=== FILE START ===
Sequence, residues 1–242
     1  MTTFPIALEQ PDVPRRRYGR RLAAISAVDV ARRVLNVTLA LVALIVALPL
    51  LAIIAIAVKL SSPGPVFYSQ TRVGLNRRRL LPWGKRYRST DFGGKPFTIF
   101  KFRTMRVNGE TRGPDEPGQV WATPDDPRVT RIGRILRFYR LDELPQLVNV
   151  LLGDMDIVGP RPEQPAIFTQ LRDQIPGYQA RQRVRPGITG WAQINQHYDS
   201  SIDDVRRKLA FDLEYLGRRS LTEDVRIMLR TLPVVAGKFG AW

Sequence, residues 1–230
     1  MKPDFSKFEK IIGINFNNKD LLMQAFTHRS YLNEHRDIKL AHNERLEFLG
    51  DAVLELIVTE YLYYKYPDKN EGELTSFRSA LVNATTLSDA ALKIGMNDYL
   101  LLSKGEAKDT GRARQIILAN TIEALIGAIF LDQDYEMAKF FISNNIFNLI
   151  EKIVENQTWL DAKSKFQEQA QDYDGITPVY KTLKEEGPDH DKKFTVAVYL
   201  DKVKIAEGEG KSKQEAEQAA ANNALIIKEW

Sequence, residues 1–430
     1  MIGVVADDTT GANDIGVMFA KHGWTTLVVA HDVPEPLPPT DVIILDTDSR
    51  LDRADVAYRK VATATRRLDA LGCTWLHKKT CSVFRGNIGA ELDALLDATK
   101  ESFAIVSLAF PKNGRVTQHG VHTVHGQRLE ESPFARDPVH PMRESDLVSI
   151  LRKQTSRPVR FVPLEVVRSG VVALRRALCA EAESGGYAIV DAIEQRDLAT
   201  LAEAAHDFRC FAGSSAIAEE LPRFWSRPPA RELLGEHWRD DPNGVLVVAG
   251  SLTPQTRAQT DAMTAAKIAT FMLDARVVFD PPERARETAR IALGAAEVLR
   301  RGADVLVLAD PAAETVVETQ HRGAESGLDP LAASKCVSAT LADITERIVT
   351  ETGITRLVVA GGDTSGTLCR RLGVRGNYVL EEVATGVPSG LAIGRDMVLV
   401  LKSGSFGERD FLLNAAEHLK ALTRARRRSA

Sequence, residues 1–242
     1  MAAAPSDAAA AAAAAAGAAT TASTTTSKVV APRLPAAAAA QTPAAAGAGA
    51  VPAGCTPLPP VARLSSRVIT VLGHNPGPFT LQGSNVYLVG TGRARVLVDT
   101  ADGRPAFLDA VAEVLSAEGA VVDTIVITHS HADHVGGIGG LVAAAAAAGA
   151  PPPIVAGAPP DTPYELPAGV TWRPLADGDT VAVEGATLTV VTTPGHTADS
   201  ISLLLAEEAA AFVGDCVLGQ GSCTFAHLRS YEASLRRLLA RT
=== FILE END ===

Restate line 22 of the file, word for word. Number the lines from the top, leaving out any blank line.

   401  LKSGSFGERD FLLNAAEHLK ALTRARRRSA